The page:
Just Stop Oil have made something happen (though it is still unclear what), despite and outside of the institutions and the practices of the left. This critical indifference, and the disruptive tactics that result from it, represent a clear challenge to those on the left who are also the leaders of the social orders who have created the devastation (to borrow Williams’s terms). Indeed, as Althusser argues, trade unions and left-wing parties are part of the state apparatuses,14 not outside them. They (perhaps we) are not up to the task.

Politics proper requires a bravery, an élan, and an originary disobedience: a refusal of the authority of the given paths and the ‘correct’ way of doing things.

In large parts of the critical responses on the left to Just Stop Oil – and to environmental movements causing inconvenience more generally – what we see, ultimately, are arguments made by enemies of politics, because politics itself is disruptive. To argue that the political and intellectual big-hitters of the left are enemies of politics may seem eccentric; as such, it deserves some explanation. We might begin in 1938, with Bertolt Brecht’s criticism of broadly Stalinist literary functionaries, including Lukács in his (and the USSR’s) Popular Front period. These people were, as Brecht said:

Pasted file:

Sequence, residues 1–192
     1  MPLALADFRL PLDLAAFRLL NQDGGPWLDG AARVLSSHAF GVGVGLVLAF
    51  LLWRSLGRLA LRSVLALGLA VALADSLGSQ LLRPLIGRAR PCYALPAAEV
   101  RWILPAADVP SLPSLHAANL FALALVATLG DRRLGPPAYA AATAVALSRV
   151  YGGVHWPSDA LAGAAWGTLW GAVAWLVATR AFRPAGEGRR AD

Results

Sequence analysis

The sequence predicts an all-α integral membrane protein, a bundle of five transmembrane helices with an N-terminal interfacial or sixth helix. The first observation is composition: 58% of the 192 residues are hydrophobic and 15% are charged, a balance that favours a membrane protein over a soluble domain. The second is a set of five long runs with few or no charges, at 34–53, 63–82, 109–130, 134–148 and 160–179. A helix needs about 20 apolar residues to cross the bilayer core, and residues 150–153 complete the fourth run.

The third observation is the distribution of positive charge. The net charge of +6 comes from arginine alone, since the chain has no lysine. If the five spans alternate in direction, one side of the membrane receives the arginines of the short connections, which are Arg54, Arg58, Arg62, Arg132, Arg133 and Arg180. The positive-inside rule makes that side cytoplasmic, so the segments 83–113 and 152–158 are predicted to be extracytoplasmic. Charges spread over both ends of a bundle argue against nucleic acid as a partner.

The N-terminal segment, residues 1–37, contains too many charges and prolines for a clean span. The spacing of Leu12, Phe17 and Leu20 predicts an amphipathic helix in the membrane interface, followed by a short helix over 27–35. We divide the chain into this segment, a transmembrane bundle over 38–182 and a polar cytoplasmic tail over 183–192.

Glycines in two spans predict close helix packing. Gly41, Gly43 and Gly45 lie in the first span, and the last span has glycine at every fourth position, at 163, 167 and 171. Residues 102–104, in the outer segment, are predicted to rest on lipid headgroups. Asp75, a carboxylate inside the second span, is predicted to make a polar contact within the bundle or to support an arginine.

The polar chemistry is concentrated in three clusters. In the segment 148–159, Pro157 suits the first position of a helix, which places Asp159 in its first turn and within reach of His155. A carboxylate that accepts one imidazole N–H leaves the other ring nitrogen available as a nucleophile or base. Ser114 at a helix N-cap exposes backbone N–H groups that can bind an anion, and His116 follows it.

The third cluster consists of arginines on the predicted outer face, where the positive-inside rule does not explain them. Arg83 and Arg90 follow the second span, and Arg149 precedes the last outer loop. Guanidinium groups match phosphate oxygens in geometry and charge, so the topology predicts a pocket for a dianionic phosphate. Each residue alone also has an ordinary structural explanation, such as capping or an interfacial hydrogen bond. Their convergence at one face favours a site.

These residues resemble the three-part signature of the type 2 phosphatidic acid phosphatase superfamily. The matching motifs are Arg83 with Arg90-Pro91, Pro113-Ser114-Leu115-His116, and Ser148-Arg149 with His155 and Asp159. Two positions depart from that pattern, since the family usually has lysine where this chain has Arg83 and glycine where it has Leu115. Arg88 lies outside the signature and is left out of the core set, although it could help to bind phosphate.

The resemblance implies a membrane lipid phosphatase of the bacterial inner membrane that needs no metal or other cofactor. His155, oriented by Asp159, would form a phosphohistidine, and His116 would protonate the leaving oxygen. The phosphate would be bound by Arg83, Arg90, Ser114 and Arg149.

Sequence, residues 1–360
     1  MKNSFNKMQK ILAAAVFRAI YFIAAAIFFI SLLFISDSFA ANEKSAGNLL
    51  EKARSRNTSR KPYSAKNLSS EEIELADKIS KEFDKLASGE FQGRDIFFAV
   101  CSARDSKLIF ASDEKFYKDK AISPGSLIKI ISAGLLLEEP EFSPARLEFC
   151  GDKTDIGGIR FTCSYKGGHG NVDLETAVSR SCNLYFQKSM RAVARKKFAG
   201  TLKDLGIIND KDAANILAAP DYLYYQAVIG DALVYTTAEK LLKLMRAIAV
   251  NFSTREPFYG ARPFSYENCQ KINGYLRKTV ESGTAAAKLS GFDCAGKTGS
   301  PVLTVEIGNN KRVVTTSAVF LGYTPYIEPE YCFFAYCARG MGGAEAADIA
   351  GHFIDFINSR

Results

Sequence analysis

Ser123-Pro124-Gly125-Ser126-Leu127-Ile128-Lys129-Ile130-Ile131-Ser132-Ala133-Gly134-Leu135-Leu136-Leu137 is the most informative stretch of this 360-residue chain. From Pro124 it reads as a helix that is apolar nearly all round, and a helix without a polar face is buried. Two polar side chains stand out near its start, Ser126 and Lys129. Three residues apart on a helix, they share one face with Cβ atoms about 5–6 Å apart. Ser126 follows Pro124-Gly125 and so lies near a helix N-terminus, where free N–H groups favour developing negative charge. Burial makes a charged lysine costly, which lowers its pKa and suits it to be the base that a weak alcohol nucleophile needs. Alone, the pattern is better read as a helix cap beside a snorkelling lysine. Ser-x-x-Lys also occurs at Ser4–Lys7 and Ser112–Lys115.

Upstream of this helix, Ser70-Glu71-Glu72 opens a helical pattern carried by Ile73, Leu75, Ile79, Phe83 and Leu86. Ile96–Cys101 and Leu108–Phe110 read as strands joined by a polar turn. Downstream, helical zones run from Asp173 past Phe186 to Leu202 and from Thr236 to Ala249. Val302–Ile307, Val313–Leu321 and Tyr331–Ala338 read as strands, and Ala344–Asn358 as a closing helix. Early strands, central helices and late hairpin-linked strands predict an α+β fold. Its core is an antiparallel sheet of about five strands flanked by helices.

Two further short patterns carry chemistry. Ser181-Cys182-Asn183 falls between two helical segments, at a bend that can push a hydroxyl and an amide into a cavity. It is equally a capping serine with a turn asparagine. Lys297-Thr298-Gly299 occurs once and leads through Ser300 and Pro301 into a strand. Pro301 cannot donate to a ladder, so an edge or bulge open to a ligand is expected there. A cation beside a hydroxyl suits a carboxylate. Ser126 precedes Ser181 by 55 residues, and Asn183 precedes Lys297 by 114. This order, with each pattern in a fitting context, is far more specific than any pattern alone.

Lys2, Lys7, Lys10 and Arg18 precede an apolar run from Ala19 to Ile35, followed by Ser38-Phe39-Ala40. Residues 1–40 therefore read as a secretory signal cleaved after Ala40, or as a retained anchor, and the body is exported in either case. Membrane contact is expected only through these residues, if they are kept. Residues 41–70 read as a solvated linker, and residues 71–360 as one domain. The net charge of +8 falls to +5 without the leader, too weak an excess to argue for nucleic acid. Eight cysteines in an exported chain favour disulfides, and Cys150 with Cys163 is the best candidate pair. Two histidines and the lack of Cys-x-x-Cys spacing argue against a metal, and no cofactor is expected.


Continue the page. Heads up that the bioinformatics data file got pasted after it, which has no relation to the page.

enemies of production. Production makes them uncomfortable. You never know where you are with production; production is the unforeseeable. You never know what’s going to come out.15

One could quite easily rephrase this to describe the left opponents of Just Stop Oil. Politics makes them uncomfortable. You never know where you are with politics; politics is the unforeseeable. You never know what’s going to come out. Their need for predictability, and absolute control, renders them enemies of politics, just as Lukács’s abhorrence of experimental modernist literature rendered him an enemy of production.